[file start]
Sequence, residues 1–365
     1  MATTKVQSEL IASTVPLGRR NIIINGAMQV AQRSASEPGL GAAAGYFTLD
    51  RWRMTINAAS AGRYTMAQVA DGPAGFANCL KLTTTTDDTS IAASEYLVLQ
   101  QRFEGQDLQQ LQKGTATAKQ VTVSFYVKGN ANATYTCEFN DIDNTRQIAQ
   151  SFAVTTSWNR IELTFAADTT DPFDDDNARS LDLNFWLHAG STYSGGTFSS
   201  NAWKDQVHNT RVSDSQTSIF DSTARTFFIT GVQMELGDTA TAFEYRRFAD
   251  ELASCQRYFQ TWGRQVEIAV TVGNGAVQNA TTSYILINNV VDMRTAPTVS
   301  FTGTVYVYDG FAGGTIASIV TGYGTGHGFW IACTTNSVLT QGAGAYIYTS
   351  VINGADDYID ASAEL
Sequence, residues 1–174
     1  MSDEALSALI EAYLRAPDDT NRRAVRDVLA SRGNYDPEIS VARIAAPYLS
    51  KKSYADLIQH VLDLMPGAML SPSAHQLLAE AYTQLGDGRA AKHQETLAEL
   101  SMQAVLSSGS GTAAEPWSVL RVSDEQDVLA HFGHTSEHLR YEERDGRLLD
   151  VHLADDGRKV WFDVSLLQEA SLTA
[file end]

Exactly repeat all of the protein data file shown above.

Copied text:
Sequence, residues 1–365
     1  MATTKVQSEL IASTVPLGRR NIIINGAMQV AQRSASEPGL GAAAGYFTLD
    51  RWRMTINAAS AGRYTMAQVA DGPAGFANCL KLTTTTDDTS IAASEYLVLQ
   101  QRFEGQDLQQ LQKGTATAKQ VTVSFYVKGN ANATYTCEFN DIDNTRQIAQ
   151  SFAVTTSWNR IELTFAADTT DPFDDDNARS LDLNFWLHAG STYSGGTFSS
   201  NAWKDQVHNT RVSDSQTSIF DSTARTFFIT GVQMELGDTA TAFEYRRFAD
   251  ELASCQRYFQ TWGRQVEIAV TVGNGAVQNA TTSYILINNV VDMRTAPTVS
   301  FTGTVYVYDG FAGGTIASIV TGYGTGHGFW IACTTNSVLT QGAGAYIYTS
   351  VINGADDYID ASAEL
Sequence, residues 1–174
     1  MSDEALSALI EAYLRAPDDT NRRAVRDVLA SRGNYDPEIS VARIAAPYLS
    51  KKSYADLIQH VLDLMPGAML SPSAHQLLAE AYTQLGDGRA AKHQETLAEL
   101  SMQAVLSSGS GTAAEPWSVL RVSDEQDVLA HFGHTSEHLR YEERDGRLLD
   151  VHLADDGRKV WFDVSLLQEA SLTA